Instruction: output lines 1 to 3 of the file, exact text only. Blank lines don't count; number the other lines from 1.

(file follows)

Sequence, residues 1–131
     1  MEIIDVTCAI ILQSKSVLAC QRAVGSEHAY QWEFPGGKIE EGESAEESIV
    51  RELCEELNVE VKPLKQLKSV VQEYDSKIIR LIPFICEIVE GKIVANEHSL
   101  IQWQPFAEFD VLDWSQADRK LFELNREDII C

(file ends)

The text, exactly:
Sequence, residues 1–131
     1  MEIIDVTCAI ILQSKSVLAC QRAVGSEHAY QWEFPGGKIE EGESAEESIV
    51  RELCEELNVE VKPLKQLKSV VQEYDSKIIR LIPFICEIVE GKIVANEHSL